Indigo Bunting Photo courtesy of USGS

Every April, gorgeous blue birds arrive in Evanston yards and parks. Breeding male Indigo Buntings and Eastern Bluebirds are both decked out in brilliant blue feathers, and it is not unusual for casual observers to mistake one for the other. Read on to learn how to distinguish between these two beauties by appearance and behavior.

The Indigo Bunting (Passerina cyanea) is in the family Cardinalidae, along with the Northern Cardinal, Rose-breasted Grosbeak and the occasionally seen Blue Grosbeak. Members of the Cardinalidae family live only in the Western Hemisphere, many of them in Central and South America.

Indigo Buntings are stocky, sparrow-sized birds with short tails and silver-colored short, thick conical bills. Breeding males are entirely blue with a deeper blue head, and their wings may appear darker than the body. They breed from the Great Plains to the Atlantic coast and have lately been breeding in New Brunswick and Nova Scotia, possibly expanding their range north due to climate warming. Buntings can be found grubbing for insects, berries and seeds in weedy brush, at forest edges and along or on country roads.

In fall, before he migrates, the male molts most of his deep blue feathers and resembles the brown female. He may keep the blue feathers on his tail, wings and rump. At his winter home in Mexico, Central America, South Florida, Cuba or Jamaica, he will regain most of his exquisite blue. Buntings typically migrate north at night in small groups using star pattern as a guide, and “experienced” adults usually return to their old breeding sites.

A blue bird seen belting out a bright, cheerful song in spring is an Indigo Bunting. The male bunting will arrive in the Evanston area in mid-to-late April, about two weeks earlier than the dull-brown female. He may be in a coat of two colors, mostly blue but with some brown feathers that he will quickly lose. Upon arrival, he will start singing, often perched atop the tallest tree around. He will sing incessantly mornings and evening, moving down to a shrubby layer but still singing during the heat of the day. He will continue singing through spring and summer. Indigo Buntings learn their songs from older nearby males, which might account for neighborhood dialects. Indigo Buntings have been nicknamed “blue canaries.”

His mostly quiet all-brown mate constructs the nest alone, placing it in the crotch of a shrub. The open nest is positioned so that it is protected from the elements and hidden from view. Females are so elusive and their nests so well concealed that they have challenged attempts to study Indigo Bunting behavior. Indigo Buntings breed in Harms Woods.

The male Eastern Bluebird, in contrast to the spring male Indigo Bunting, is vivid blue only on its back and head. It is orange on its upper breast and flanks and white on its belly. The female is an elegant paler blue-grey with the same breast and flank pattern, plus a white eye-ring. Both sexes have small, thin, black bills and keep their plumage color during the year.

The Eastern Bluebird (Sialia sialis) is in the family Turdidae, (from the Latin for Thrush). Thrushes are found worldwide and are known for exquisite song, particularly the flute-like melodies of the Wood Thrush and the American Robin. The Eastern Bluebird’s song is softer and more subtle and rarely given from high treetops.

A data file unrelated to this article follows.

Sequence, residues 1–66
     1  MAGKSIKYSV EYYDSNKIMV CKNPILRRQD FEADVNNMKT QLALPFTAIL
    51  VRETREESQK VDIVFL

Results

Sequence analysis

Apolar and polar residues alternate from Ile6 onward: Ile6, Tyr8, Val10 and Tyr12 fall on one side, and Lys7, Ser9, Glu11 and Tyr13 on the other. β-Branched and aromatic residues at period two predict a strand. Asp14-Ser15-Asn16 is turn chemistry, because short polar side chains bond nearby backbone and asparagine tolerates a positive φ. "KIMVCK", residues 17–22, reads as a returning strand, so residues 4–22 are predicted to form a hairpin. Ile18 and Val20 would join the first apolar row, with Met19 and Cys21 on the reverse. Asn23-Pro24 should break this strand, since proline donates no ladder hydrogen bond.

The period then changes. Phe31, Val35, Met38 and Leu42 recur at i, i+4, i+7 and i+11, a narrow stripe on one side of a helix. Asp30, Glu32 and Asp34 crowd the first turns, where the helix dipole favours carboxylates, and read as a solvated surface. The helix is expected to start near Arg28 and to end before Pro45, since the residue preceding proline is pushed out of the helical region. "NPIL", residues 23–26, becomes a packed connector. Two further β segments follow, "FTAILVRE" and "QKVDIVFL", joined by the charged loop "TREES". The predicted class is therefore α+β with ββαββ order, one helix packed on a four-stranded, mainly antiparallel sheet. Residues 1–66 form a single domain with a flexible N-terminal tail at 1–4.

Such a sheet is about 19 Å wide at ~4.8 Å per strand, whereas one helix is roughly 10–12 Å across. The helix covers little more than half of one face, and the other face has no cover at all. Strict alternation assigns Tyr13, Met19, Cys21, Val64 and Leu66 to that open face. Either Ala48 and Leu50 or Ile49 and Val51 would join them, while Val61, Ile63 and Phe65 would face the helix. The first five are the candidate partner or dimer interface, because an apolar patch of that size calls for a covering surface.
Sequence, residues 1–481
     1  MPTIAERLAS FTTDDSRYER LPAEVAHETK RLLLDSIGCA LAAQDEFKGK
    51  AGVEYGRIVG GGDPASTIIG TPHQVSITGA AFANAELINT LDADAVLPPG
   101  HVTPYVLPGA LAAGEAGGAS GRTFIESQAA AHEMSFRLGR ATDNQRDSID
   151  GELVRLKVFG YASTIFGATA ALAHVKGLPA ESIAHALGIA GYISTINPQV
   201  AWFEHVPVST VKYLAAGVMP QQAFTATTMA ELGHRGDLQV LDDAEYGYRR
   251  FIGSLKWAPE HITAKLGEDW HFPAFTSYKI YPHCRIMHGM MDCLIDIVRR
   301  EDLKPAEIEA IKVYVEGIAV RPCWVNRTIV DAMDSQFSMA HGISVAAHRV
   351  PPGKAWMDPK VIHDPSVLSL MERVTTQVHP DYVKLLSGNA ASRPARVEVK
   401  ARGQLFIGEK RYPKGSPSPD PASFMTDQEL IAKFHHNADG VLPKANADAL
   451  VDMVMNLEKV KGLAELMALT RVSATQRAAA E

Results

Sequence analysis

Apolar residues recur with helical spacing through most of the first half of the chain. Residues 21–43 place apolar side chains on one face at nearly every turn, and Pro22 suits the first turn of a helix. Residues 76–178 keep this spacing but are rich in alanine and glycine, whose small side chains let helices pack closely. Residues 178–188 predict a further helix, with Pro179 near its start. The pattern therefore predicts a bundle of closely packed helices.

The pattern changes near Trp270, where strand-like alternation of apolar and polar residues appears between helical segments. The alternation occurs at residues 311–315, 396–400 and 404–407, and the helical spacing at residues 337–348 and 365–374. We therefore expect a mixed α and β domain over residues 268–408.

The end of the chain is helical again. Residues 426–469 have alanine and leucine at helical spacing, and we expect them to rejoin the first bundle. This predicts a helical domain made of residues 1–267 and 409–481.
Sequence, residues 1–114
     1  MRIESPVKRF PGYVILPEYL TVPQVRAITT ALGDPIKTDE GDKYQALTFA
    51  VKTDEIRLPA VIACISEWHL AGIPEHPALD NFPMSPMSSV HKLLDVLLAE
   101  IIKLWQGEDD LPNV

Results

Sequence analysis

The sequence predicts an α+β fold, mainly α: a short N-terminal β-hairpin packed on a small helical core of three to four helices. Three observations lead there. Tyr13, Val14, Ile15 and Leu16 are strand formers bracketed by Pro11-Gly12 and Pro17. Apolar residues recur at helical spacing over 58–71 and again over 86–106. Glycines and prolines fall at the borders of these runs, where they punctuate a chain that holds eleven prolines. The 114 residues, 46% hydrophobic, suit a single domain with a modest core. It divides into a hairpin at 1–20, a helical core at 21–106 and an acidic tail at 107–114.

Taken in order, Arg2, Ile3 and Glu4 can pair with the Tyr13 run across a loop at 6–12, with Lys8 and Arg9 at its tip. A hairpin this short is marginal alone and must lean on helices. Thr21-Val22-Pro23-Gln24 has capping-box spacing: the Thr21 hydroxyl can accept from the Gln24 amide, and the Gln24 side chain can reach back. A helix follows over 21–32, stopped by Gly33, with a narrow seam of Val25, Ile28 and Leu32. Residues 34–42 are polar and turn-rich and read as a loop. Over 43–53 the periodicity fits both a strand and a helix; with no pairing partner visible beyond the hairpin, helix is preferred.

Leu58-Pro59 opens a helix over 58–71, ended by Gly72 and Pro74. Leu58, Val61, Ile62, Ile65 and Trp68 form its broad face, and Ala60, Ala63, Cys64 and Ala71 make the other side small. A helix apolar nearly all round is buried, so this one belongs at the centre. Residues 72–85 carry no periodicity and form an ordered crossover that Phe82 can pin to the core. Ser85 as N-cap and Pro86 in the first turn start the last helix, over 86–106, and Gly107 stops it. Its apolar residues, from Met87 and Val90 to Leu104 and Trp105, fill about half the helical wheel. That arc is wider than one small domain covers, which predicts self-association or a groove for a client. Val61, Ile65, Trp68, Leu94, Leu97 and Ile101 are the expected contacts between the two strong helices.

Eastern Bluebirds are found across eastern North America and as far south as Nicaragua. Some bluebirds are medium-distance migrants. Bluebirds breeding in Manitoba will fly 2,000 miles to Texas. Bluebirds breeding in the Chicago area may stay all winter or migrate short distances. Chicago-area Eastern Bluebirds have been counted on every recent Christmas bird count. During mild winters some can be found in the Indiana Dunes as well as in greater Chicago, sometimes in the vicinity of Illinois Beach State Park or Fort Sheridan.

Bluebirds are cavity nesters and willingly nest in man-made structures near buildings. When cavity-nesting Starlings and House Sparrows were introduced into the U.S., they competed for natural cavities sought after by other species, including bluebirds. The human response was to erect bluebird nest boxes, a successful venture that led to bluebirds breeding on golf courses, natural areas such as forest preserves, large farm fields, and bluebird “trails” along rural roadsides. Bluebirds eat insects and fruits. They often perch on a low branch, drop abruptly to the ground to capture an insect and then return to that same branch. They will also forage on grassy lawns, as will the Indigo Bunting. Because they are so accessible to people, unlike the Indigo Bunting, they are easily studied.

The usual picture of the exemplary behavior of the beloved bluebird is countered by Cornell’s Birds of North America Online, which says, “Despite their reputation as ‘sweet’ and ‘models of pacific family life,’ they are pugnacious in some situations, fighting most often with other species over access to nesting cavities. Not only males but females fight among themselves, and sometimes they kill each other over mates and nest sites.”

Ironically, neither the male Indigo Bunting nor the male Eastern Bluebird is actually “blue.” Blue feathers lack pigment, and their stunning color comes from the distribution and shape of air pockets, minute structures within the feather barbs that reflect, or scatter, only the short blue wavelengths of visible light, while absorbing the other wavelengths. Basically, this same light-scattering process makes the sky look blue. So even before modern science understood how blue feathers were produced, in his 1852 “Journal,” Henry David Thoreau could literally say, “The bluebird carries the sky on its back.”

Libby Hill is the author of "The Chicago River: a Natural and Unnatural History. She has been writing about birds and trees and Evanston's natural history for the Roundtable since 2004.